Why Is The Youth So Angry Today?

The youth of today is very angry everywhere in the world. From East to West and North to South, the impatience, anger and frustration of the youth is manifest. Starting from the Tiananmen Square, it has reached the Tahrir Square to Wall Street Square to Trafalgar Square(St Paul’s Cathedral really). It has erupted in the shape of the Arab Spring, thanks to the philosophy of Mahatma Gandhi about non-violent political agitations. But why is it happening?
Till about 60 years ago the world looked like nothing more than a comity of Empires. Then occured its demise after the World War II. In about 20 years later, the end of empires and monarchy became imminent. There still are some monarchies in the world, but they have severely restricted in their autocracy because they have wisely chosen to redefine themselves to fit into the changed circumstances. Democracy grew during this period and has established itself as the most desirable form of government. It led to a world that can now be depicted as belonging to the “Haves” and “Have-nots” of democracy. From The Tiananmen Square protests of 1989 to
The Tahrir Square developments of 2011 relate to the agitation of the Have-nots of democracy demanding democratic form of government. The Arab Spring is its best example. The OWS (Occupy Wall Street)protests at Liberty Square (aka Zuccotti Park) represents the agitation of the Haves of democracy, who are disillusioned with the democracy in practice in their country. The very fact that the OWS spread to more than 1000 cities in the developed world so fast, indicates the level of frustration of the youth with democracy in practice in their country as compared to democracy in theory. All political thoughts and theories about democracy are simply sweet words in reality and the majority of the average citizen is disappointed with it in practice, irrespective whether it is the youth in America or UK or Spain. The situation in Greece is a few steps ahead of many countries. The media coverage, though severely controlled, points towards an increasing mood of anger and anxiety. The youth seem to be losing control and things are definitely going to turn ugly soon if they are ignored or not taken seriously. Clashes between the angry agitated youth and the security forces indicate to dark clouds of state repression comparable to the Tiananmen Square handling of the agitation.
Democracy can’t be hypothecated to the few political or economic vested interest lobbies. Means of production and wealth can’t be allowed to be concentrated in a few hands. Economic disparities are totally undemocratic. Hunger and billionaires can’t exist together for long. It is a universal truth. Mankind has continuously evolved newer models of governance only to bring about a semblance of ethical conduct in matters of statecraft. The anger of the youth flows from these disparities, which have surfaced in less than 40 years of the global practice of democracy. Why else would there arise a situation for the youth to take the law into their own hands in the OWS manner?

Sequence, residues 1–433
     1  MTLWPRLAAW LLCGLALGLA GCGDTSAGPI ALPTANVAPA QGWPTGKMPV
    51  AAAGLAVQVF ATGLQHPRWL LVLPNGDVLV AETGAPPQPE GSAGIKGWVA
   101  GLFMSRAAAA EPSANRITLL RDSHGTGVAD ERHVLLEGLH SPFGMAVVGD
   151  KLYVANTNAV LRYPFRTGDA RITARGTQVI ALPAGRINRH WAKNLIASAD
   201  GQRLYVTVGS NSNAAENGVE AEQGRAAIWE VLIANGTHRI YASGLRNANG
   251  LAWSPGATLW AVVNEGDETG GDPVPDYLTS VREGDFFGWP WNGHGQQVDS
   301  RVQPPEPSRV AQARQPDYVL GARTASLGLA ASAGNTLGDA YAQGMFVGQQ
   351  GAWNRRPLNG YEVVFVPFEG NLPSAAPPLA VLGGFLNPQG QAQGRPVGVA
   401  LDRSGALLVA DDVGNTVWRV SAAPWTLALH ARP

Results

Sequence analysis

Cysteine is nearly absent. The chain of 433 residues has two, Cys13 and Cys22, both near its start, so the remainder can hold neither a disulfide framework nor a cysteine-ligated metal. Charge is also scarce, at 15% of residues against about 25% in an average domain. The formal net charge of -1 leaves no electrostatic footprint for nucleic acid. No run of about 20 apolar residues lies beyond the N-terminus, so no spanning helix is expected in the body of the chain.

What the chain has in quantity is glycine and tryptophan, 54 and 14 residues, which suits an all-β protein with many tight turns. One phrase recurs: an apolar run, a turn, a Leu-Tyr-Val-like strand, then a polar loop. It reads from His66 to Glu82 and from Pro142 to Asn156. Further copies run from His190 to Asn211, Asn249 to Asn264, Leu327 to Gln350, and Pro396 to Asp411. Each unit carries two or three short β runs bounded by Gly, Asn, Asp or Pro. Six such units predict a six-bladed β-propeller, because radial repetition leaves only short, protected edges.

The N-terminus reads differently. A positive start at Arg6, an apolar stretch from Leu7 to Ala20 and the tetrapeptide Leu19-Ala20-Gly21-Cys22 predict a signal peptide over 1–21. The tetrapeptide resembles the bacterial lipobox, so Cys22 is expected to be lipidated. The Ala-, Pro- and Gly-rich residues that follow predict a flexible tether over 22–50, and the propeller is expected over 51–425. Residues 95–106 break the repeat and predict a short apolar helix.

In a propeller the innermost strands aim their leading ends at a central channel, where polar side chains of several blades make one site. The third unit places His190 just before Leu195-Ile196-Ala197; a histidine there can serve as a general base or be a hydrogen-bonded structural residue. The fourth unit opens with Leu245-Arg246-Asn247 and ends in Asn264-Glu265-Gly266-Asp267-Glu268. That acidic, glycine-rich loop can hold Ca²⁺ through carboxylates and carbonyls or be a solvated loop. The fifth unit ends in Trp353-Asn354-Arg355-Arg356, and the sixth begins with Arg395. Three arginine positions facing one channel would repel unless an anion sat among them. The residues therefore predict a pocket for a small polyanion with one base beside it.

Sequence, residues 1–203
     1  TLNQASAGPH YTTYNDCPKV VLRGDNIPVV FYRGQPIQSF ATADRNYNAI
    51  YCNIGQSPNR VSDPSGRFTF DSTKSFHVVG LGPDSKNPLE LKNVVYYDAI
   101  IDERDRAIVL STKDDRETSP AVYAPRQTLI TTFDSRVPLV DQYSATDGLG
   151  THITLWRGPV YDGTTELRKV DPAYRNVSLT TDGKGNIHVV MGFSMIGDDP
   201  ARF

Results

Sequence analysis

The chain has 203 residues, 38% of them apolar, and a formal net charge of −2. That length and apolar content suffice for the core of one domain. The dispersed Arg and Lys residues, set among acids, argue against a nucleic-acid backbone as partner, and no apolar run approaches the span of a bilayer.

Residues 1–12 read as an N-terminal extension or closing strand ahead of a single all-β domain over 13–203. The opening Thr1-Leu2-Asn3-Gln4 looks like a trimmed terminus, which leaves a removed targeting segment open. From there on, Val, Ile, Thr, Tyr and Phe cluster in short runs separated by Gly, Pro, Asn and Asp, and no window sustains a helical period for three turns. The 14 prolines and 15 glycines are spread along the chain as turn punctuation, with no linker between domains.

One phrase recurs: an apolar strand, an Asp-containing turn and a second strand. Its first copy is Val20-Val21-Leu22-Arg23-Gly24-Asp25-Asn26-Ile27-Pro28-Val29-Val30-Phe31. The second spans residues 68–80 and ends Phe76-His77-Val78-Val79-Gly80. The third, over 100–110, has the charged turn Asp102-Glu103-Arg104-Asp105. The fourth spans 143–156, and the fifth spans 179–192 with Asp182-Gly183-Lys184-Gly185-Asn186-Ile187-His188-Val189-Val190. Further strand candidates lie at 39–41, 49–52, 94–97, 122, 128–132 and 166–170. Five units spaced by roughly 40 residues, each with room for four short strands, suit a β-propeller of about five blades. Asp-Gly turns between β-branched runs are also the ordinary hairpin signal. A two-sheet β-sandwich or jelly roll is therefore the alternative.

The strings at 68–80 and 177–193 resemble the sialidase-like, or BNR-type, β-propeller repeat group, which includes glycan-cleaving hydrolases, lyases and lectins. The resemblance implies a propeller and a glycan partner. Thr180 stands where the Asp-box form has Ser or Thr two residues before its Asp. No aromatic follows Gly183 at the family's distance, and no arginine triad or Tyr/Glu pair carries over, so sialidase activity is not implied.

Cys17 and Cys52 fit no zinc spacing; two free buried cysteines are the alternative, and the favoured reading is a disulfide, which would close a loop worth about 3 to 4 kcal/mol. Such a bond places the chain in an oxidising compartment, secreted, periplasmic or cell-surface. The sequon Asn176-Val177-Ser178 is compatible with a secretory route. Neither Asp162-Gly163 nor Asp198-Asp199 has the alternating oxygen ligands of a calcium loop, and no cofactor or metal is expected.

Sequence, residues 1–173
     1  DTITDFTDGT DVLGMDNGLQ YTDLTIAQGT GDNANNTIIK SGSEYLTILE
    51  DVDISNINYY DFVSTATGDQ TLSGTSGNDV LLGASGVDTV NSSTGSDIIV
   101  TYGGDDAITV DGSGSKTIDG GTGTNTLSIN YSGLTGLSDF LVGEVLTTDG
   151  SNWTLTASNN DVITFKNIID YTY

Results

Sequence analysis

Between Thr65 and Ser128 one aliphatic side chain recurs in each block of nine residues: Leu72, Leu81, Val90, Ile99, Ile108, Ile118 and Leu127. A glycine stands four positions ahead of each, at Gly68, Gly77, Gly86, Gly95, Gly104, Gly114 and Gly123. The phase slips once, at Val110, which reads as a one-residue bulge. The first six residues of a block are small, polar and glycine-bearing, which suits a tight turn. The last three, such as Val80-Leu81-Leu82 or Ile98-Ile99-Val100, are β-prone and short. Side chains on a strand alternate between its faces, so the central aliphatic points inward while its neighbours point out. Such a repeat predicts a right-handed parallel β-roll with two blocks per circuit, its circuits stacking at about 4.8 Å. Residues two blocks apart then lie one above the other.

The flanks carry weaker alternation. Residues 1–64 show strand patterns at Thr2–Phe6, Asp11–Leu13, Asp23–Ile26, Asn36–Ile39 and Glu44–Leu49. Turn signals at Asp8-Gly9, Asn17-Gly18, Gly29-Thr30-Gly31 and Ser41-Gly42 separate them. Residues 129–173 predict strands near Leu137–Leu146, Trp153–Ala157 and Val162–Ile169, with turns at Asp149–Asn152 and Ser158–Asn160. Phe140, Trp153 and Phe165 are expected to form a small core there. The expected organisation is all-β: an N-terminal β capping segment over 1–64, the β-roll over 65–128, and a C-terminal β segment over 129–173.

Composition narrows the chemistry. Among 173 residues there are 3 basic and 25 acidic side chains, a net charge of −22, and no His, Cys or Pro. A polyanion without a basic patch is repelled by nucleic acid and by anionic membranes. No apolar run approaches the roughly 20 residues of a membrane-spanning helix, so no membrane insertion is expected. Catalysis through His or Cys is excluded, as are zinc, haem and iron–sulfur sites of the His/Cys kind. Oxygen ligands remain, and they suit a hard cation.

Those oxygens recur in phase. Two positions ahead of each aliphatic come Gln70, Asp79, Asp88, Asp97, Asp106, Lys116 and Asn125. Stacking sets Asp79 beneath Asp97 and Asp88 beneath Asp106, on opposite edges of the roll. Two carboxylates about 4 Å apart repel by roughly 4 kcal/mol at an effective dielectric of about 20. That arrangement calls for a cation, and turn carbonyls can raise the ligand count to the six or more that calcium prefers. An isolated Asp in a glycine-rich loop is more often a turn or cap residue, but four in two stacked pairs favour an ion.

With the most elaborate laws in America, the youth is agitated. Without these laws also the youth is agitated elsewhere. Earlier the conduct of the people was regulated by just one religious book. Modernity bade farewell to religion. And it is here that the worst failure of democracy exists- the more laws it makes the more frustration it imparts to the people. The cost of one monarch was a pittance in comparison to the cost of the thousands of monarchs (elected representatives) making only laws for us, to which they avoid to submit themselves. What use are these laws if the misery of the majority gets increased rather than being mitigated? The OWS protesters are absolutely right to call themselves the 99%. Any honest statistical analysis of democracy is bound to throw up the same result that democracy has benefited only the top 1% at the cost of the 99%. Does it really make a difference if a person is defined poor as one getting a $ a day or 20$ a day, if it fails to buy her a single meal a day? Poverty is not the bane of the un-developed or developing countries alone. It affects the developed countries as well. Are the American, English, French, Spanish or Greek poor any different from those in Africa or Asia? To them, democracy has only sold dreams and chewing gum!
They have waited far too long after the second World War. They refuse to survive on slogans. They have expressed their no-confidence in the political or economic capabilities of democracy. They have chosen to take the power in their own hands: they are, no doubt, not yet clear about their agenda or the methodology. But it is more than enough. They have rejected this form of democracy that divides them into the 1 & 99%. They refuse to live with it. And it is outright rejection of this undemocratic format of democracy in such an unusual manner. It is indicative of the need of an alternative form of governance. Europe has experimented with the European Union and is currently evaluating its performance. This EU may survive or can even be abandoned. Similarly, better models of governance will evolve, if these agitations by the global youth continue and their anger is not assuaged convincingly. That need is going to redefine political and economic thought and theories in the 21st century. One thing is for sure: the Youth are absolutely right.

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